Succession Law Issues for Scandinavians

Succession Law Issues for Scandinavian & Other European Persons

Private Client Partners Alice Palmer and Frederick Bjørn summarise some of the issues and emphasise the importance of taking professional advice in this specialist area

Despite continuing attempts to harmonise the succession laws between the various European and European Economic Area countries, there remain important differences which can raise significant problems when dealing with the estates of European persons. Although Regulation 650/2012 (known as Brussels IV) was formally adopted by the European Parliament and Council in July 2012, its intention being to harmonise succession issues between the different European Union states, it does not come into force until August 2015 and in any event is not binding on the United Kingdom, Ireland and Denmark.

Take the example of Per, a Norwegian national living in London and owning property in Spain. On his death, which country's succession laws will govern the devolution of his Spanish property?

  • As the property is in Spain, we need to start there but Spanish succession law says that it is the succession law of the country of Per's nationality that should govern the devolution of his estate.
  • Norwegian law however says that it is the succession law of the country of Per's domicile that should govern the devolution of the estate. For Norwegian law purposes, Per's domicile is England (even though for English law purposes his domicile is Norway due to the different concept of domicile in the two countries).
  • Although English law (like Norwegian law) says that it is the succession law of the country of Per's domicile that should govern the devolution of his estate (other than UK real property), English law comes up with a different answer to the question of which country's succession laws will govern the devolution of the Spanish property, because for English law purposes Per is domiciled in Norway not England.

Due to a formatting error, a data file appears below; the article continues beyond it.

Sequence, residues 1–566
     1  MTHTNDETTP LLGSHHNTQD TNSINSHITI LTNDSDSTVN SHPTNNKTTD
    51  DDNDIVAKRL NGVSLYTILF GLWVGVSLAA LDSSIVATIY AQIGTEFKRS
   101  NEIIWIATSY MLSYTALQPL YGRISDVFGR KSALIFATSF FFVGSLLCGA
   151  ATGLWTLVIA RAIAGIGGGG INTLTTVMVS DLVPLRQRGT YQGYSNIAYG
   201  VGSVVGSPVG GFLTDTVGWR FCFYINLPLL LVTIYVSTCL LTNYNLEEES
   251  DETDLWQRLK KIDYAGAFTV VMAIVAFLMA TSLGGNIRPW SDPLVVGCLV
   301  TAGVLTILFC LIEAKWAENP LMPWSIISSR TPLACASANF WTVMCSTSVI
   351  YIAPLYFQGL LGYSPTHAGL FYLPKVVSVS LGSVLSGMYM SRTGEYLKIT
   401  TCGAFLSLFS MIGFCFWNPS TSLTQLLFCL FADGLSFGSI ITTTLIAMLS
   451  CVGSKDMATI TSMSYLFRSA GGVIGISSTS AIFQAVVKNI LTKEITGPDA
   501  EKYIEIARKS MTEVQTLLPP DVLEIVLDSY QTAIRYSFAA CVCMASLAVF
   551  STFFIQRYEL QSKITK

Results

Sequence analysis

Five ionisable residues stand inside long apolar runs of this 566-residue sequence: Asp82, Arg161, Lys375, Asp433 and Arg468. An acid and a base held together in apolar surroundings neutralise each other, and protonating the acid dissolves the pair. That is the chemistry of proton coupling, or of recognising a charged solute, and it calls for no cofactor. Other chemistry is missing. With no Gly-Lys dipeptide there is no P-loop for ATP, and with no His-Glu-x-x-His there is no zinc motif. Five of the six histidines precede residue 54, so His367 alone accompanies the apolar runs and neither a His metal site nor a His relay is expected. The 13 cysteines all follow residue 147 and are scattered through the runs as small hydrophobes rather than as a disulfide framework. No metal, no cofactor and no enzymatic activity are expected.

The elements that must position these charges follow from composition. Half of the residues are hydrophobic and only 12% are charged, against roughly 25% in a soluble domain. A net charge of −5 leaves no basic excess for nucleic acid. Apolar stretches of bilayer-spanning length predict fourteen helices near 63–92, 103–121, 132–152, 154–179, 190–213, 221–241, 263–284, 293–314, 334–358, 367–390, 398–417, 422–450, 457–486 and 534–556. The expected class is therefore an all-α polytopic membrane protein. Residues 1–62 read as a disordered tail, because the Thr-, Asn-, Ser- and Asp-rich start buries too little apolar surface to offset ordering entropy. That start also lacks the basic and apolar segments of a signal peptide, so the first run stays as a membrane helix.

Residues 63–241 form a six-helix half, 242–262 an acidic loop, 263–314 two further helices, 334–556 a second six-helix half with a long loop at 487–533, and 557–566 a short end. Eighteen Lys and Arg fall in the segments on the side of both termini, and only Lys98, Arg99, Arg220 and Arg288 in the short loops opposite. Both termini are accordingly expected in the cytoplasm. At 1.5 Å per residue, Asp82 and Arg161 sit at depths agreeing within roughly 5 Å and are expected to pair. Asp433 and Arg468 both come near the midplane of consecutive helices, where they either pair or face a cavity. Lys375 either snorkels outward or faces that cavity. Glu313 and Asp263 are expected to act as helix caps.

The difficulties that this type of situation raise are clear, particularly when other European countries do not have testamentary freedom in the same way that England and Wales does, requiring a part of the estate to be left to spouses, children or other relatives. Unless these issues are addressed prior to death:

  • there is a risk that the intended heirs will not in fact inherit because the succession laws applicable in a particular country will override the provisions of any Will, so creating conflict within the family and depleting the value of the estate as a result of professional costs; and
  • if the estate does not pass as intended, a higher level of inheritance tax or death duty might be payable, for example, if spouse exemption cannot be claimed because the applicable succession rules require the assets to be left to children.

By examining the issues during lifetime and establishing any potential problem areas, it may be possible to avoid any such issues by: